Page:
In the wake of the emissions scandal and stricter emissions regulations, Volkswagen is uncertain if or when it will again sell diesel cars in the U.S.
The German automaker has been prohibited from selling diesel vehicles in the United States since late 2015 after it acknowledged using “defeat devices” to evade U.S. diesel emissions standards.
The Wall Street Journal on Wednesday quoted the head of VW’s North American operations, Hinrich Woebcken, as saying the company could decide to end all U.S. diesel sales.
Woebcken told the Journal the company would evaluate the U.S. diesel market on a “product by product and package by package” basis.
Emissions regulations in the U.S. are tightening in the U.S., making it more difficult for light-duty diesel engines to legally meet requirements, he said.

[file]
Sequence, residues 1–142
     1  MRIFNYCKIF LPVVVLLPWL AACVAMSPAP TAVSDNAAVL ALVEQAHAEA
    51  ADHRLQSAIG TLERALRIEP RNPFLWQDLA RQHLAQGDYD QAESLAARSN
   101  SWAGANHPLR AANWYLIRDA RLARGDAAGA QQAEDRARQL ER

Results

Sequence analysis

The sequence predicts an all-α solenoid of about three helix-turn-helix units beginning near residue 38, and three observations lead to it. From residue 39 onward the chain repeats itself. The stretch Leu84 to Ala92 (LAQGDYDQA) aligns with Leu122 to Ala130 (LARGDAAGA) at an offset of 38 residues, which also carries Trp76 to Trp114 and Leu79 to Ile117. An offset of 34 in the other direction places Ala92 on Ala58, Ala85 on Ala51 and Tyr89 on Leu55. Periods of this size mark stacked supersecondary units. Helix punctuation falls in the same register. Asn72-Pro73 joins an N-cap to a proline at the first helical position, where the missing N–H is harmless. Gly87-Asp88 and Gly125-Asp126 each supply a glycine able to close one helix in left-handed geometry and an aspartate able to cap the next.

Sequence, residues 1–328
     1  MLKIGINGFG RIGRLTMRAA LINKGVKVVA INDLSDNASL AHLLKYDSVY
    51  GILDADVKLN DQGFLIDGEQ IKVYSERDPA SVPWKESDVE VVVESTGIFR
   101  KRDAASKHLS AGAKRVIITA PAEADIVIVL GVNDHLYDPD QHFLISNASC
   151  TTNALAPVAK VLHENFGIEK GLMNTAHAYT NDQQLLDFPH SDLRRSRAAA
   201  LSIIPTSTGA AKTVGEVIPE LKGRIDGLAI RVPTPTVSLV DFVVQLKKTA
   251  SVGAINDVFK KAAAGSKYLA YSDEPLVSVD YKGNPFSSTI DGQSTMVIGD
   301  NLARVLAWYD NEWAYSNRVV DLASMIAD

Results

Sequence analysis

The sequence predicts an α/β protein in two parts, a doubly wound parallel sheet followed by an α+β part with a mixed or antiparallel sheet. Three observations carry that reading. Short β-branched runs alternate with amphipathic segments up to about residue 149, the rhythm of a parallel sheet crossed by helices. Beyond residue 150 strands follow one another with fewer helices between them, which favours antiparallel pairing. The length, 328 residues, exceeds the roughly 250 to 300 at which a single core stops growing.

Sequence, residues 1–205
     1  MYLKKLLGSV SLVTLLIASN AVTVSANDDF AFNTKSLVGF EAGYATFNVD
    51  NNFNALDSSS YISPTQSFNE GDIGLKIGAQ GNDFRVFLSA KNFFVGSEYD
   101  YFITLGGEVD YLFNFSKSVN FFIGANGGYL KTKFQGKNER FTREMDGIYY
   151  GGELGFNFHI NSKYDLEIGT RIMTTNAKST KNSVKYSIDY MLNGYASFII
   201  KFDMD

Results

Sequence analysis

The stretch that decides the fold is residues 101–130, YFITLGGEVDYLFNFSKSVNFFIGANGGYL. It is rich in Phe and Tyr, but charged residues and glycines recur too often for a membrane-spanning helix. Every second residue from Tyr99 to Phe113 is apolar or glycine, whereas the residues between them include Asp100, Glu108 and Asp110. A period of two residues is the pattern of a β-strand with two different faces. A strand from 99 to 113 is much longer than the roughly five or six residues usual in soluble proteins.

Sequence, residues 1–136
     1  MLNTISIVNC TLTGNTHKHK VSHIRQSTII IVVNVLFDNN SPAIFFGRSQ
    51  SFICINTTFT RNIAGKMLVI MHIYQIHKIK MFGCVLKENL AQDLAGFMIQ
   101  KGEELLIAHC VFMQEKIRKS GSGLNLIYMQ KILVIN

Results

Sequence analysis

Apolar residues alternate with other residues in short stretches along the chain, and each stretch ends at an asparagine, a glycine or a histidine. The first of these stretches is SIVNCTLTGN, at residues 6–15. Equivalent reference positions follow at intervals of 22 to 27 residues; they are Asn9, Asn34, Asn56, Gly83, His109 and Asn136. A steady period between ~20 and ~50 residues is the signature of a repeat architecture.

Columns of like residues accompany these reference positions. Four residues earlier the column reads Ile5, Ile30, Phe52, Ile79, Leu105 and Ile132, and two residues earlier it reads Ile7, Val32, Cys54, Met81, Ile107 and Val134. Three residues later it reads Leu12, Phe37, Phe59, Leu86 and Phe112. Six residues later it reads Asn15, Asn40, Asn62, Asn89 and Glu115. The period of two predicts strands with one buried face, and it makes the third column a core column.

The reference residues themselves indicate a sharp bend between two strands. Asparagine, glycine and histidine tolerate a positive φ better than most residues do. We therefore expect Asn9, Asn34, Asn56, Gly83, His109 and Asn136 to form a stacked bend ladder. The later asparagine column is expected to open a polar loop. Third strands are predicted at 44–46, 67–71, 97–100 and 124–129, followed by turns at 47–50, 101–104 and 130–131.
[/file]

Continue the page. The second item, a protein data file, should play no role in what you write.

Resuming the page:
Woebcken said sales of non-diesels have exceeded Volkswagen’s expectations, even though it has lost U.S. market share since the company’s diesels are no longer sold here.
Prior to the discovery of the cheating device, diesel sales accounted for nearly a quarter of VW’s U.S. sales.
Volkswagen has agreed to spend up to $15 billion to address claims from regulators and buy back 475,000 2.0-liter vehicles or fix them if allowed.
The company must still reach an agreement with officials to address 85,000 larger 3.0-liter cars and SUVs.
It also faces lawsuits from several U.S. states and an ongoing Justice Department criminal investigation.